Thursday, August 03, 2006

Follow-up Post on Analogies in Science

In comment # 20 in a thread at, PvM said:

"ID relies on the concept of analogy to infer design. Science does the hard work to provide mechanisms, pathways and provides analyses of the data to support their conclusions. That’s the big difference. How do we know an analogy really exists?"

This was precisely my point in my blogpost on identity and analogy (see
For example, do we have any objective way to determine if one rock is analogous with another? Or whether an anatomical feature (or a protein/substrate binding site) is analogous to another? As in the case of telology, we think we can do this very easily (just as we can easily identify what looks like design), but I would argue that this is because both "finding" analogies and "finding" design/purpose are capabilities of the human mind/nervous system that have conferred enormous adaptive value on our ancestors. As in the case of our putative innate "agency/design/purpose detector" (which first becomes active in very early infancy), our "analogy detector" also appears to become active at a very early age, and operates entirely "in the background." That is to say, we are almost totally unaware of its operation, and concentrate only on its output.

Our ability to detect (and construct) analogies is probably the core of our "intelligence," as demonstrated by the fact that identifying analogies has been traditionally used as one of the most sensitive guages of general intelligence (i.e. "g") in intelligence tests (such as the Miller Analogies Test). As more than one participant in this thread has pointed out (Sal, I think you were first), doing mathematics is essentially the construction of highly compact analogies, in which numerical (and sometimes physical) relationships are expressed as abstract symbols.

Interestingly, in the case of some analogies in biological systems we have an independent double-check on our identification of analogous things. This is based on the evolutionary concept of homology, or derivation from a common ancestor. If two structures on two different organisms (say a small bone of the jaw of a reptile and the even smaller bone in the middle ear of a mammal) appear to be analogous (on the basis of size, location, relationship to other bones, etc.) there are at least two different, though related, methods of verifying that these structures are indeed analogous (and not just accidentally similar). One way is by means of comparative paleoanatomy, in which a series of fossils of known age are compared to determine if there is a connection between the evolutionary pathways of derivation of the structures. If such a pathway can be empirically shown to exist, this would be strong evidence for both the analogous and homologous nature of the objects. Alternatively one could compare the nucleotide sequences that code for the structures to determine if they are sufficiently similar to warrant a conclusion of homologous derivation. In both cases, evidence for homology, combined with our intuitive "identification" of analogous structure and/or function, both point to the same conclusion: that the two structures are both analogous and homologous.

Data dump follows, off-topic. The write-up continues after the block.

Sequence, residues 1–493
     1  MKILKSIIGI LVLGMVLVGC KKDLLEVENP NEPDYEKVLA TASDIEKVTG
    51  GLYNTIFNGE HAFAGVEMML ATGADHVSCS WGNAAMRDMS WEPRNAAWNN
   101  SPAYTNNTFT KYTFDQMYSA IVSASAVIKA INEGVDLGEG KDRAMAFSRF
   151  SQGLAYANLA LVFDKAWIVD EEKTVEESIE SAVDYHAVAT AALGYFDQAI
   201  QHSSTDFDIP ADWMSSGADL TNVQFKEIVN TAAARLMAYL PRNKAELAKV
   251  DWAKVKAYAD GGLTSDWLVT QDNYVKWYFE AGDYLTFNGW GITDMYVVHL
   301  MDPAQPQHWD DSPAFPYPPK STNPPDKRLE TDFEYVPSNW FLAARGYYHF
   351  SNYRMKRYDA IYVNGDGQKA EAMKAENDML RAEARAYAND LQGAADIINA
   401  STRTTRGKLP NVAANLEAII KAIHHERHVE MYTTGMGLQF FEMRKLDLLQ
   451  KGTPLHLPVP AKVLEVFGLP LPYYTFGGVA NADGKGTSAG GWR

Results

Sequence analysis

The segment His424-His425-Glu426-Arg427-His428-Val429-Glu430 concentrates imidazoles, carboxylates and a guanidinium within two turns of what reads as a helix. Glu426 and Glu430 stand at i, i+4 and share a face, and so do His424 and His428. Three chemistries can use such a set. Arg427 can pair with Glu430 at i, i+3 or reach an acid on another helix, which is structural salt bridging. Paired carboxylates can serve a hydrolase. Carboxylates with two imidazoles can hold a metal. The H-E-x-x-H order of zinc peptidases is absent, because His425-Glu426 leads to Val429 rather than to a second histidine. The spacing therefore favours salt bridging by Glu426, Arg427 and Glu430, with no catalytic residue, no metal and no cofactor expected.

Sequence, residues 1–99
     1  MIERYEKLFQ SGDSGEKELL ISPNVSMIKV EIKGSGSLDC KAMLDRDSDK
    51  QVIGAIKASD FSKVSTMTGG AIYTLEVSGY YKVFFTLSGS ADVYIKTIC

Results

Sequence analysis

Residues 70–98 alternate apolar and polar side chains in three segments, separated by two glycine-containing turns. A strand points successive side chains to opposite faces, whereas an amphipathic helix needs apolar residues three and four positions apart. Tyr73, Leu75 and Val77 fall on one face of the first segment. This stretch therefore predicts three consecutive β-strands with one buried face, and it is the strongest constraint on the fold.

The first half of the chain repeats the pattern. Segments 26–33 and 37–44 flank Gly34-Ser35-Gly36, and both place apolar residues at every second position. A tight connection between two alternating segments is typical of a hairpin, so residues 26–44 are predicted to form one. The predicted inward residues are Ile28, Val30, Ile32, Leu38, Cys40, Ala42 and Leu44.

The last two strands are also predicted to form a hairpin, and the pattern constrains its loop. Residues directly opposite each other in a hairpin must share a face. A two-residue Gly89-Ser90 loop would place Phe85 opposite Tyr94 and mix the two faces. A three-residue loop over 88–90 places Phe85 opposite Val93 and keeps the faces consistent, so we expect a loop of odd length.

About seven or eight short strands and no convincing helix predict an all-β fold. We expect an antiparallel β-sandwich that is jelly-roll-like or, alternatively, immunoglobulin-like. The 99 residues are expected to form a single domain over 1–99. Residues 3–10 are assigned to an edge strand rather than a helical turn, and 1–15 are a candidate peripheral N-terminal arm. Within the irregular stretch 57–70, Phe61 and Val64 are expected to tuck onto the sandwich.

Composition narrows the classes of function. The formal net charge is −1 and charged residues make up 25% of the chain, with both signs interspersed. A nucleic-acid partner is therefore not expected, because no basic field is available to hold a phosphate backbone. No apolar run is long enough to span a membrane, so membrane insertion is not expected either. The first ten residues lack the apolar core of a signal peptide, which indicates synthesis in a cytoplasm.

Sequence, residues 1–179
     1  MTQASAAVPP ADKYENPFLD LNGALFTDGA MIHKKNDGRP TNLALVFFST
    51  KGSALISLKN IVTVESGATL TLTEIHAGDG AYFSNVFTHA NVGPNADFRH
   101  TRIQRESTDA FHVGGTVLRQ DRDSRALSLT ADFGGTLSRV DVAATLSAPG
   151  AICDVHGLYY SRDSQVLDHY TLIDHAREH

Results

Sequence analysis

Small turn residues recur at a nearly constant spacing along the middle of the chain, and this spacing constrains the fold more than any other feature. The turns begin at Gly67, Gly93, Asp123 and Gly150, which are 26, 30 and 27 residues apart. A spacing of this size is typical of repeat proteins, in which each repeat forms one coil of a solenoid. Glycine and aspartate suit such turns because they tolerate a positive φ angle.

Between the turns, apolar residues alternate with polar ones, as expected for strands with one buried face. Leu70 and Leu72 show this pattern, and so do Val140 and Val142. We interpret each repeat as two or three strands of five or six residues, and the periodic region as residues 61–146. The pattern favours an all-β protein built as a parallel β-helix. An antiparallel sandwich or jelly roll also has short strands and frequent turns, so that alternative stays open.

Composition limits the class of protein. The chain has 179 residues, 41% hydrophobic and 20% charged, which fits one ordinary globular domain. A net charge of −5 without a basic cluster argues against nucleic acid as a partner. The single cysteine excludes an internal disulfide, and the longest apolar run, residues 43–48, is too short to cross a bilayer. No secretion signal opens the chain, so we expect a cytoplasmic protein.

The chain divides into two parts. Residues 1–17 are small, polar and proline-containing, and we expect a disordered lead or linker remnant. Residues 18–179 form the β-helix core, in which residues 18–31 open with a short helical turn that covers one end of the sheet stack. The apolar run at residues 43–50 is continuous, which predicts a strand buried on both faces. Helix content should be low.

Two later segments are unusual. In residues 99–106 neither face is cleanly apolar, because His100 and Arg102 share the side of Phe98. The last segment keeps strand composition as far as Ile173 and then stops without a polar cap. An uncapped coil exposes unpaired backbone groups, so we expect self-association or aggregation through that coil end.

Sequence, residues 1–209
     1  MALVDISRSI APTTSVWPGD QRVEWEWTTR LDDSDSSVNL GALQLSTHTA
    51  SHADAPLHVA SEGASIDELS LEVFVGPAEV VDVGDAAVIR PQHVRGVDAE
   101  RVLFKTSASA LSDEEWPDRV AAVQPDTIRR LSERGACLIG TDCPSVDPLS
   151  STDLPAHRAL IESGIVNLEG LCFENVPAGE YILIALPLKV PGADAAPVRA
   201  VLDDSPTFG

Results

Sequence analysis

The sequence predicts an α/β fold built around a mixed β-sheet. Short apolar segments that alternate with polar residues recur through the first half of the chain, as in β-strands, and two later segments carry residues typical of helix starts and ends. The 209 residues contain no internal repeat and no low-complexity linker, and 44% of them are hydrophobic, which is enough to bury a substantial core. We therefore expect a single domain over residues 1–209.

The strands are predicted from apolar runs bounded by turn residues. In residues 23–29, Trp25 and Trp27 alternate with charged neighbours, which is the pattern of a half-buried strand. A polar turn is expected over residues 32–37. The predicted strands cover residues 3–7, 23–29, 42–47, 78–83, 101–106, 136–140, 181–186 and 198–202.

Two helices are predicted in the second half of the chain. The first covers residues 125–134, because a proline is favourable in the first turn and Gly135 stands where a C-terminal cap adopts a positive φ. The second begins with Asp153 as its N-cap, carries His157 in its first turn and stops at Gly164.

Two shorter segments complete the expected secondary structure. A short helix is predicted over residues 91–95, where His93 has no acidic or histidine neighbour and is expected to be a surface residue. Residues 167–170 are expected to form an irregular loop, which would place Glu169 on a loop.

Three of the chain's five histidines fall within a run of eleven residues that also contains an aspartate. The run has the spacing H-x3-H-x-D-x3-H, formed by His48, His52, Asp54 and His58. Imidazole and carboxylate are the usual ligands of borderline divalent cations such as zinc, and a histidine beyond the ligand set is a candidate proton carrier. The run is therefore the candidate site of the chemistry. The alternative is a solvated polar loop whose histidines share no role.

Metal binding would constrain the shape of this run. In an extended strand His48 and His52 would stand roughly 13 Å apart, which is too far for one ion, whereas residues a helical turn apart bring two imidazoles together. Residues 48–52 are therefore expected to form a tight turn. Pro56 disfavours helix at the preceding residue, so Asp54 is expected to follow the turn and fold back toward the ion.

BTW, this is why structures that appear to be analogous, but for which there is no convincing evidence of homology (as in the wings of birds and insects) can present a serious problem to evolutionary biologists, and especially systematists/taxonomists and those engaged in cladistic analysis. Such apparent similarities (technically called homoplasies) can either be the result of "true" (i.e. partial) analogy at the functional (and/or structural) level (and therefore assumed to be the result of convergent evolution) or they can be completely accidental. Simple inspection can be insufficient to separate these two hypotheses, and lacking either fossil or genomic evidence, conclusions about actual analogy can be extremely difficult to draw. However, if there is fossil and/or genomic evidence and it points away from homology (i.e. descent from a common ancestor), then the structures can be considered to be analogous but not homologous.

In the same comment, PvM also wrote:

"I also think that Sal is overusing the concept of analogy to mean almost anything."

Indeed, it is essential in discussions such as these that we be as precise as possible about our definitions, as imprecision can only lead to confusion (at best) and unsupportable conclusions (at worst). Perhaps the most essential distinction to be made in this regard is between "anaologies of description" (which could also be called "semantic analogies") and "analogies of function/structure" (which could also be called "natural analogies"). The former (i.e. "semantic analogies") are merely artifacts of the structure of human cognition and language, as happens whenever we describe an analogy that we have perceived. By contrast, the latter (i.e. "natural analogies") are the actual similarities in function/structure that we are describing (i.e. that resulted in our identification and description in the first place). As in the Zen koan about the roshi and the novice in the moonlit garden, much of the confusion about which of the two types of analogies we are discussing seems to stem from confusion between the moon that illuminates the garden and the finger pointing at the moon.

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